What happens if a retirement plan incurs a data breach
Until relatively recently, retirement plans have not made the news as targets of data breaches. This is somewhat surprising given the wealth of participants’ personal data stored online by these plans. This past summer, however, two plans experienced cybersecurity incidents, one involving theft and the other involving ransomware.
In response, the ERISA Advisory Council recommended that the Department of Labor inform the employee benefits community as to cybersecurity risks and potential approaches for managing those risks. There is a dearth of law on the subject of ERISA and cybersecurity. In fact, the ERISA Advisory Council is silent on the subject and no court has yet decided if and to what extent managing cybersecurity risk is a fiduciary function.
In this article, we examine the incidents mentioned above and the Council’s recommendations.
Fraudulent loans obtained from Chicago Deferred Compensation Plan
The Chicago Deferred Compensation Plan is a Section 457(b) defined contribution plan with roughly $3.6 billion in assets. In June, press reports indicated that $2.6 million was taken from the plan in the form of unapproved loans from 58 participant accounts. Within five days, the funds were restored, apparently by the company that administered the plan. Participants’ personal information was used to set up web profiles that allowed loans to be taken from their accounts. The matter remains under investigation.
Ransomware hits UFCW local 655 Food Employers Joint Pension Plan
This July, hackers made a ransomware demand on the United Food and Commercial Workers Union Local 655 Food Employers Joint Pension Plan. The plan is a multi-employer defined benefit plan that had assets of approximately $569 million at the end of 2015.
Ransomware is malicious software that infiltrates a device or potentially an entire information technology network. The software uses tools to encrypt or “lock” the data located on the device or network to prevent access unless what is, in effect, a monetary ransom is paid to the attacker. Typically the ransom is paid in untraceable electronic currency, called bitcoins, for a “key” to unlock and retrieve the data.
The unidentified hacker who took control of one of the Local 655 plan’s servers demanded three bitcoins, worth about $2,000, in order for the server to work again. The ransom was not paid and the plan used a backup server to recreate the information that had been on the locked server.
Possible data that may have been accessed during the attack included participants’ names, dates of birth, Social Security numbers and bank account information. As a precaution, the union offered credit monitoring and identity protection services to its members for 12 months without cost.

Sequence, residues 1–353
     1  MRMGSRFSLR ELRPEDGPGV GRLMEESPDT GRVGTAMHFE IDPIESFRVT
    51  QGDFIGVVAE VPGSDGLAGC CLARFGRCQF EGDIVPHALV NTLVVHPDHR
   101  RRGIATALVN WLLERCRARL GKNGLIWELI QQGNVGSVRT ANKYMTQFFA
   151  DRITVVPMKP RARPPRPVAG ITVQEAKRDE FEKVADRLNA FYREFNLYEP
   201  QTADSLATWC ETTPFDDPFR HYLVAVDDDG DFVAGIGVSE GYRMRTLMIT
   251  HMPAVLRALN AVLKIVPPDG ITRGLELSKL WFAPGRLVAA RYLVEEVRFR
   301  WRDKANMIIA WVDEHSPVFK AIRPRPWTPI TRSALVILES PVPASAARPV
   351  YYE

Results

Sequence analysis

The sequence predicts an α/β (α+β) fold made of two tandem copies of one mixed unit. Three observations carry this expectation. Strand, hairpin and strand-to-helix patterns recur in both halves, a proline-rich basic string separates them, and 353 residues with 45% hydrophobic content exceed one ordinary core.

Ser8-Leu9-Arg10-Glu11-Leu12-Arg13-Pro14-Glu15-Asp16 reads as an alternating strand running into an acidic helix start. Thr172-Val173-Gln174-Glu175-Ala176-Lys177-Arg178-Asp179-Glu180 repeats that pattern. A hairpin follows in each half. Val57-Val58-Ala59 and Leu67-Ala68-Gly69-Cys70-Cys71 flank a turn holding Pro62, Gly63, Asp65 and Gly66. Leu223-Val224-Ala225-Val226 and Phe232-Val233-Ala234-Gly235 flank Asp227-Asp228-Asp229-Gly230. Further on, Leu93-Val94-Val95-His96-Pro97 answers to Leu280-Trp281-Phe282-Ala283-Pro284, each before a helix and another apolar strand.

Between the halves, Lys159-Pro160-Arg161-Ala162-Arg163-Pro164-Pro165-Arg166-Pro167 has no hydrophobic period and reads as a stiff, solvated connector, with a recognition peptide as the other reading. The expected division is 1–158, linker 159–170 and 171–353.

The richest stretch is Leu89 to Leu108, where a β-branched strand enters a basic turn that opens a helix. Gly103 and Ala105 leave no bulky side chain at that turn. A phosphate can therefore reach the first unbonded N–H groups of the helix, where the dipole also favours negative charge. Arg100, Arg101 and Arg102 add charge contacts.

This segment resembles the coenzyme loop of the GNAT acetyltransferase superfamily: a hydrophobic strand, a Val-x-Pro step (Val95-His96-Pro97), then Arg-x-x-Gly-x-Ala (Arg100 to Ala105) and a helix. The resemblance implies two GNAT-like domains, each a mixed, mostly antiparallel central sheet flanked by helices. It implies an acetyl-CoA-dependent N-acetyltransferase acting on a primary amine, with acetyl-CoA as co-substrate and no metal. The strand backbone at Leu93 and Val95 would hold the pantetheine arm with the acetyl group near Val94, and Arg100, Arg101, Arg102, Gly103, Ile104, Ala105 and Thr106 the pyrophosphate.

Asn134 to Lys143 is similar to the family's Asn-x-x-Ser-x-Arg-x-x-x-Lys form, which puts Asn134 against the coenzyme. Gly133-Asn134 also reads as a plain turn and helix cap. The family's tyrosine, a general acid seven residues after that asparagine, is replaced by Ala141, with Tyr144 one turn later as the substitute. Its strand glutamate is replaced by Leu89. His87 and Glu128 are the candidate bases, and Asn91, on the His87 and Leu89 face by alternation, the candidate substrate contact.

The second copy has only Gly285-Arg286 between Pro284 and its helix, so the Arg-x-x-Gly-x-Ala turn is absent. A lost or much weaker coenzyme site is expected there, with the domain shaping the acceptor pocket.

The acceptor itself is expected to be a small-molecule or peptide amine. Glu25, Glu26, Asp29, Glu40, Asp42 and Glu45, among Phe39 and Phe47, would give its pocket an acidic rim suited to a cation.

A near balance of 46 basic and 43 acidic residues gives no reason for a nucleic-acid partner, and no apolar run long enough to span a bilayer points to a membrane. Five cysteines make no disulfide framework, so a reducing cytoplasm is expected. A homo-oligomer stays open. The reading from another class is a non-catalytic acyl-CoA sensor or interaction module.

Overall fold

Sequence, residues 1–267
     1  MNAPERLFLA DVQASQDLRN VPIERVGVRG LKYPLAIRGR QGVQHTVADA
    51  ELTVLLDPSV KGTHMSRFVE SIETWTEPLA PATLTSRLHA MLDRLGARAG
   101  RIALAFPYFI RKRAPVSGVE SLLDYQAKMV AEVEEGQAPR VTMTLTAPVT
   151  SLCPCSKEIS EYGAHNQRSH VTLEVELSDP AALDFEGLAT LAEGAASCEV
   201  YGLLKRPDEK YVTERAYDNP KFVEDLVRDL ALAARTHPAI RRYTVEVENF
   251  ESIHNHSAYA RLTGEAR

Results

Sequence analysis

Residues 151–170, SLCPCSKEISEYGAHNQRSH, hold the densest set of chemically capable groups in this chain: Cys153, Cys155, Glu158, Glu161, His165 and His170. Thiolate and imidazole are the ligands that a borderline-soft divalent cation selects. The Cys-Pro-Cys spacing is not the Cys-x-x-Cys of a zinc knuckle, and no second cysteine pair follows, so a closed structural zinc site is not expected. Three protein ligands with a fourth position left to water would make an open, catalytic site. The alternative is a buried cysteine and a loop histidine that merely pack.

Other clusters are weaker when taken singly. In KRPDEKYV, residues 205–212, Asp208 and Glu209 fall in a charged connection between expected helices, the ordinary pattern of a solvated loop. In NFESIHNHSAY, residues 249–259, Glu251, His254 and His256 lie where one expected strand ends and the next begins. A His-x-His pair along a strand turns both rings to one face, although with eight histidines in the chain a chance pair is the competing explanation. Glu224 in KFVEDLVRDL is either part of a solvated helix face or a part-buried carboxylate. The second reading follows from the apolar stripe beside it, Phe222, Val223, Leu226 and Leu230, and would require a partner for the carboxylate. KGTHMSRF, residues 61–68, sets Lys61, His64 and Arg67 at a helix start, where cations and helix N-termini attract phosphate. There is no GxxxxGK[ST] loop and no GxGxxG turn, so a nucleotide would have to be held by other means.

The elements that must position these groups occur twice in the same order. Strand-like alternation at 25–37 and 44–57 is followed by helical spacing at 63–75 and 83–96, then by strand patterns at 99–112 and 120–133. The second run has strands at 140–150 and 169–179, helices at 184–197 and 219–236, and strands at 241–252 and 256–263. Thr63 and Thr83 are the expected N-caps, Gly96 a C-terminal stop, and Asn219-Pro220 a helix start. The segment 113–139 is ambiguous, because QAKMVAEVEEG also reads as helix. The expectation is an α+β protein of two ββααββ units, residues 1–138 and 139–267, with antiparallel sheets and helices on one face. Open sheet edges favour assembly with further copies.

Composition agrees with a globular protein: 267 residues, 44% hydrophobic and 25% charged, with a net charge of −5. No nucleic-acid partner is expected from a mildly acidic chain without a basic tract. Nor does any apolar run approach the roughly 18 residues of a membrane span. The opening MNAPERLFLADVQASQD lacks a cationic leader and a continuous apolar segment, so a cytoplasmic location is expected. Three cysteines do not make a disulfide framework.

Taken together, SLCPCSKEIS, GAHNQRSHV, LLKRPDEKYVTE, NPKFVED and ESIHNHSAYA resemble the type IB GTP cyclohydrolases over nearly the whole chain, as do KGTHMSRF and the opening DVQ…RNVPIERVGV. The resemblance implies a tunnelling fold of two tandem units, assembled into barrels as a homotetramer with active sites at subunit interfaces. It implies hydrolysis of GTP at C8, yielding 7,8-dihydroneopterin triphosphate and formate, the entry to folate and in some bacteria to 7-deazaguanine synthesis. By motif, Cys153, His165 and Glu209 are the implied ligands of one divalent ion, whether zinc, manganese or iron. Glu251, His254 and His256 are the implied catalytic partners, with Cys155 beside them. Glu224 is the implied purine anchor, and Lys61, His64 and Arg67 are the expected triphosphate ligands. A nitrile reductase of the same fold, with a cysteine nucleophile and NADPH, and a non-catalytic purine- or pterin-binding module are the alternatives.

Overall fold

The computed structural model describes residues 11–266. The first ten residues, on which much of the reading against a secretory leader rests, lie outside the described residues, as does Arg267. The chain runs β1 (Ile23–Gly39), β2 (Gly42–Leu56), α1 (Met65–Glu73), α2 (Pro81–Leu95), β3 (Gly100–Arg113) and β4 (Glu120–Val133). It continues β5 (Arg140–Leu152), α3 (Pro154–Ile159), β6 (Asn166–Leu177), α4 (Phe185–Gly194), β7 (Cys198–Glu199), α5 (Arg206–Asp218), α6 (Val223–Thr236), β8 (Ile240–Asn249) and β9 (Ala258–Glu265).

Also see: “Whatever happened to that old retirement plan?”
ERISA Advisory Council addresses benefit plan cybersecurity
The Council was created under ERISA and is tasked with advising the Secretary of Labor and submitting recommendations regarding the Secretary's functions under ERISA. The Council consists of 15 members appointed by the Secretary. Benefit plan cybersecurity has been studied by the Council since 2011. In 2015 and earlier this year, hearings were held. The Council has made available its current issue statement on cybersecurity as well as the prepared statements of witnesses at this year’s hearings.
The Council’s final 2016 report is not expected to be released for several months. On Nov. 10, it did release an executive summary provided to the Secretary, in which it made the following recommendations:
First, make the Council’s report and its appendices available via the DOL’s website as soon as administratively feasible to provide plan sponsors, fiduciaries and service providers with useful information on developing and maintaining a robust cyber risk management program for benefit plans.
Second, provide information to the employee benefit plan community of plan sponsors, fiduciaries and service providers to educate them on cybersecurity risks and potential approaches for managing these risks.
The summary notes that the Council has drafted a sample document titled Employee Benefit Plans: Considerations for Managing Cybersecurity Risks for the DOL as an illustration. When the Council’s final report is posted, we will report on it and the sample document in a WorkCite.
Apart from protecting online data, plan administrators are seriously concerned about the following issues. First, is cybersecurity a fiduciary responsibility under ERISA? If so, in some cases plan fiduciaries may have personal liability under ERISA for the consequences resulting from data breaches.
Second, are state cybersecurity laws and regulations pre-empted by ERISA? If not, in the event of a data breach, administrators of plans with participants residing in multiple states will have a daunting task in determining which laws and regulations apply.
Regrettably, the Council indicated in its issue statement that although it was aware of these matters, it did not intend to address them within the scope of its study. So far, no guidance has come from the DOL itself on either fiduciary responsibility or pre-emption.